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Book Review

Travels in the Hostile Territory of a Marriage

COAST TO COAST; by Frederic Raphael; Catbird Press $22.95, 232 pages


"Lifestyles of the bitch and famous" would have made a fine alternate title for Frederic Raphael's biting new novel, "Coast to Coast." American expatriate Raphael has produced an astounding amount of work in different genres: novels (including "California Time," "Richard's Things," "After the War"), short stories (three collections), biographies ("Byron," "Somerset Maugham and His World"), translations (Euripides, Aeschylus, Catullus) and screenplays (including "The Glittering Prizes," "Two for the Road," "Far From the Madding Crowd," "Darling").

Living in Europe for years now, Raphael has absorbed the fine, jaded British ear for wit. "Coast to Coast" may be the story of an American family, but it feels completely un-American. Raphael leaves no room for sentiment, innocence, romanticism or any hope for redemption that one finds in most American writing. Even our most astute or cynical social observers--Tom Wolfe, Don DeLillo, Carolyn See--operate from an angle that contains a smidgen of optimism. Raphael's writing resonates with Old World weariness. It is punctuated with barbs, ultra-quick one-liners and small riffs of dialogue that resemble the utter nastiness of Oscar Wilde and Virginia Woolf.

"Coast to Coast" resembles "Two for the Road" and "King Lear" with "The Honeymooners" thrown in for good measure. We laughed when Ralph Kramden threatened his wife ("To the moon, Alice, to the moon"), knowing the big, lumbering guy wouldn't hurt a flea. But the unrelenting hostility that flows between Marion and Barnaby Pierce feels malignant, dangerous, destructive. Somebody is going to die here, you feel from Page 1. To the moon.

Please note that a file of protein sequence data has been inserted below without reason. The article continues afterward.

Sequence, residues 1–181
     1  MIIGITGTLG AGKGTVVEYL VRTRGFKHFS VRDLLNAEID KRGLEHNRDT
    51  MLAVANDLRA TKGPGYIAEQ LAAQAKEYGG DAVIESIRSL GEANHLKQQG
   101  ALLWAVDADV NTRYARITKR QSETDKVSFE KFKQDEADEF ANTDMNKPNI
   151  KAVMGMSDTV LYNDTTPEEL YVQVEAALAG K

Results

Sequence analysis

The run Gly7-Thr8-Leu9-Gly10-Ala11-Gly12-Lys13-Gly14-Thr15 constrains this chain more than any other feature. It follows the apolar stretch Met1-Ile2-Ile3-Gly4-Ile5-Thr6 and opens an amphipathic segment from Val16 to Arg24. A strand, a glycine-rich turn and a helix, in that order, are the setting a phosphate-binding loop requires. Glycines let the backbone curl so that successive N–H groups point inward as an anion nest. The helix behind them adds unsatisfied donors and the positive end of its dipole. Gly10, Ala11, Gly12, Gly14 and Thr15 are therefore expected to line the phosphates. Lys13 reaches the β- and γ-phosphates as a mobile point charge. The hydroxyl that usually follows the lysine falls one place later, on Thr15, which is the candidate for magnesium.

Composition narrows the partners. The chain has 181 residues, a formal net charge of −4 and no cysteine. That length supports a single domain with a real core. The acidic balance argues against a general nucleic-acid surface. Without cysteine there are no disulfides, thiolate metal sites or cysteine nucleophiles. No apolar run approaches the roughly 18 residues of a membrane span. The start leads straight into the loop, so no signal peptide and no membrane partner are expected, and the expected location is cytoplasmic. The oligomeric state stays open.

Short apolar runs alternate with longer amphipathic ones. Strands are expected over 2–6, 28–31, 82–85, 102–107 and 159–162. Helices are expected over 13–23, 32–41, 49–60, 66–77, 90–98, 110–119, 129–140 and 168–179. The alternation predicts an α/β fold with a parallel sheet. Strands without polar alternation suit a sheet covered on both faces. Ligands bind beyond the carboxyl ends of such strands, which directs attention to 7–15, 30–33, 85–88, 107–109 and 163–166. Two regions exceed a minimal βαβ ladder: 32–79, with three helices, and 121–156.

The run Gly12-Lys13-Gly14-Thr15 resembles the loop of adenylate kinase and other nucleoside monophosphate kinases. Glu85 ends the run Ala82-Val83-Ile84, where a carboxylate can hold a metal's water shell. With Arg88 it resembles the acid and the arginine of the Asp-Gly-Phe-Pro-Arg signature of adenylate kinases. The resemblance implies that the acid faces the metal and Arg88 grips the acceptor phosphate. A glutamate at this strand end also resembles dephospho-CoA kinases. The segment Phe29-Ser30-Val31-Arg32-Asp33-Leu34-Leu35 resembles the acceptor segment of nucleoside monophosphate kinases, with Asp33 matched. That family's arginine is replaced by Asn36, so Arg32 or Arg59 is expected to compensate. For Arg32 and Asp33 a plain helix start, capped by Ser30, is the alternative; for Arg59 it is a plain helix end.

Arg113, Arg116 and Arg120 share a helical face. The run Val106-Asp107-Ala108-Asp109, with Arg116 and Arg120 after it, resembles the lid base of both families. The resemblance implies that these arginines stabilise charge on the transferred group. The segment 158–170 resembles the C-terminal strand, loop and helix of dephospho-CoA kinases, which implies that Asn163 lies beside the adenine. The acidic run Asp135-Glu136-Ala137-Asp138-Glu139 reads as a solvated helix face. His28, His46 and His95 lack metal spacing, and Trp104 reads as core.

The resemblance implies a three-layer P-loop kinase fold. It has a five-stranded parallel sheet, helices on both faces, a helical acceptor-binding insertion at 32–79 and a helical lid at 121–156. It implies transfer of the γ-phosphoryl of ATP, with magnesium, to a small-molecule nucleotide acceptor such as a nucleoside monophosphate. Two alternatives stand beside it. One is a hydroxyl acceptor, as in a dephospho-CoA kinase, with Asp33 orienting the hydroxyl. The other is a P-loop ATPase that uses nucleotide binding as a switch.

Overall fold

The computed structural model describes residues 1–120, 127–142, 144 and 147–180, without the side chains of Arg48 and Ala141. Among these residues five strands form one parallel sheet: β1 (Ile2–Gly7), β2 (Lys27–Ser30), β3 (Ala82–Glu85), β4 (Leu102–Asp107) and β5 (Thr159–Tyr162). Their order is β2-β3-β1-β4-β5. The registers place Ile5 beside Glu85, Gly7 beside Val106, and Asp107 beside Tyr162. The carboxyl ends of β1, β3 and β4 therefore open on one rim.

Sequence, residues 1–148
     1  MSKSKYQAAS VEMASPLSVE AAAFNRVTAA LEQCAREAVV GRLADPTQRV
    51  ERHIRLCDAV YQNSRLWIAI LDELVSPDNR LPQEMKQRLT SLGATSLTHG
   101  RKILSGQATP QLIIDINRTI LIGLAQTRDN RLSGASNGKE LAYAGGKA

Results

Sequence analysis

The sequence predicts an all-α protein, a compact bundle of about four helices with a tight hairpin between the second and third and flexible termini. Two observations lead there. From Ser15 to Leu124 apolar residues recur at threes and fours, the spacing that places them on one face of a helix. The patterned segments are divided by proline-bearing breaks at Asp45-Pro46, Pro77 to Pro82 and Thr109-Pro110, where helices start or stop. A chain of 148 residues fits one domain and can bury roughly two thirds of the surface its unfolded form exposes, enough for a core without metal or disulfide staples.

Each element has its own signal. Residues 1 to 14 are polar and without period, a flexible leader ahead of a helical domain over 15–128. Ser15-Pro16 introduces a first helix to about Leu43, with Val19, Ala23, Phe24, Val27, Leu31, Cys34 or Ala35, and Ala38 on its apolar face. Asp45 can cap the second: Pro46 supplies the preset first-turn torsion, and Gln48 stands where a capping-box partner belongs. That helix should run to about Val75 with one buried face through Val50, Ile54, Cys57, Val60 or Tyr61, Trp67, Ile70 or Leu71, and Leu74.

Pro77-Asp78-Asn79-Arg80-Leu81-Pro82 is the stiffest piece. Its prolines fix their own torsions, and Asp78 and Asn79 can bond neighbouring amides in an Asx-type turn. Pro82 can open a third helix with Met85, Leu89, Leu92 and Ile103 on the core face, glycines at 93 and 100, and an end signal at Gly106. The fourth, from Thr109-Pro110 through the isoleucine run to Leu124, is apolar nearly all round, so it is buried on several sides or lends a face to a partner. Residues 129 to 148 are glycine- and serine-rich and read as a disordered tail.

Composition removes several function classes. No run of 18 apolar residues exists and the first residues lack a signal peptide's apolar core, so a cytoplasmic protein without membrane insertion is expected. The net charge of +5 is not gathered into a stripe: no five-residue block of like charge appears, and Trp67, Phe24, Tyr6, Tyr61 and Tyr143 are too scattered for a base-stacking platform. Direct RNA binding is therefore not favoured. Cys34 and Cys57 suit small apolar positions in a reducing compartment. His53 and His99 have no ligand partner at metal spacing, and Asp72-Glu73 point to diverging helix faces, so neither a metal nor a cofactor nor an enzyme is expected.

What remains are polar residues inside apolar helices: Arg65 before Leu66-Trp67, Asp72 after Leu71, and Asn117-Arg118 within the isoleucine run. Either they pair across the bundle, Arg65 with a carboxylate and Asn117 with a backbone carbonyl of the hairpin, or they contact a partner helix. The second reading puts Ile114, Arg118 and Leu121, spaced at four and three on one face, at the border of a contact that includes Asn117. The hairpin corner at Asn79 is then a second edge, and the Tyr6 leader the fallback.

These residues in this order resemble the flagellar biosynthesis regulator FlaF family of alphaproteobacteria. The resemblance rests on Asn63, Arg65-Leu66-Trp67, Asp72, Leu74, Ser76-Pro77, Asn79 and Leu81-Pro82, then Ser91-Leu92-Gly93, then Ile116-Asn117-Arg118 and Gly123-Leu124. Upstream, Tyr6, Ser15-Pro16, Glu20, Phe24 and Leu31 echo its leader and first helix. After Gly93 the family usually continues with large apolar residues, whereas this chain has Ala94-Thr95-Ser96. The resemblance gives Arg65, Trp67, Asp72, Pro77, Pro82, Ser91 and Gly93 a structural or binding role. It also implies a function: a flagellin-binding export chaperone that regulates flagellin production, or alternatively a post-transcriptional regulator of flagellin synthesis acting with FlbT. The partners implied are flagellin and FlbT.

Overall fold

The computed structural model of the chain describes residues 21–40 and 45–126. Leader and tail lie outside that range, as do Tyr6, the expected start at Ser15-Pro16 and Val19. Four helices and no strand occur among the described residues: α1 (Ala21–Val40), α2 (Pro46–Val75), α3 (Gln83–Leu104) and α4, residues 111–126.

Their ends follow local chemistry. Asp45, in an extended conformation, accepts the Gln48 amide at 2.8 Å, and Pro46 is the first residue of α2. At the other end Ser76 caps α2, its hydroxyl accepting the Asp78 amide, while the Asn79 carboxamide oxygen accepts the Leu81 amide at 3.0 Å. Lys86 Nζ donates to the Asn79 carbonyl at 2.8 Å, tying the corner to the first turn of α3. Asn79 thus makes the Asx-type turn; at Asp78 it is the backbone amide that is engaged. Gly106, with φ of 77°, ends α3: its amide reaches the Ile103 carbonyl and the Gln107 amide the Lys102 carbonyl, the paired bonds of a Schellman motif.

Barnaby is an obscenely successful sitcom writer, living in an upscale suburb somewhere back East. He and Marion are the parents of equally nasty children. Stacey lives with a basketball star in Minneapolis; Zara teaches in California; and Benjamin is an overpaid TV executive in Hollywood who is about to be married and has just bought a house in the hills for $1.5 million. There was another son, Christopher, killed years before in an auto accident. His death is an ever-present, never-discussed horror that has encircled Marion and Barnaby like a choking kudzu vine.

They can barely breathe in each other's presence without getting into an argument. They accuse each other of infidelity. (Both have had lovers.) They torment each other over parenting issues, love, sex, career and values. All these years, Marion has felt cheated of any identity outside of being a wife and a mother of kids who practically hate her. She wants to be free of her large home, her witty, arrogant husband and her children. She wants to go back to school and become a therapist. Meanwhile, Barnaby doesn't want to sell the house or lose Marion, who is still "all the women in the world" to him. As much as he tears things apart, he tries to keep them together.

Before splitting up, Barnaby and Marion agree to drive their gorgeous old Jag cross-country to give to Ben--who has always coveted this car--as a surprise wedding gift. On the way, they agree to drop in on acquaintances and family--including two lovers of Marion's from long ago. At different stops they are met by infidelity, cruelty, deceitfulness and death.

Visiting their daughter in Minneapolis, they admire the converted granary in which she lives.

" 'Now I know,' Barnie said, 'Why Minneapolis. Now I know.'

" 'You know that much.' Stacey squeezed a small space between thumb and forefinger.

" 'We only just got here,' Barnie said, 'and already we don't know everything.' "

Raphael's writing, mostly all dialogue, is often exhausting, dense and bewildering. Clever as it is, most characters sound alike, so it's hard to follow who is saying what. At times the language gets so baroque you can't understand a word of it. Marion "was looking at [Barnaby] again with that flat meaningless look that meant something she was never going to tell him exactly what it was."

At best, "Coast to Coast" shows off Raphael's gift for capturing with brilliance the spiteful things we say to one another. At worst, it's a vision of a world where nobody, not even a newborn, would be innocent of deceit, selfishness and egocentricity.

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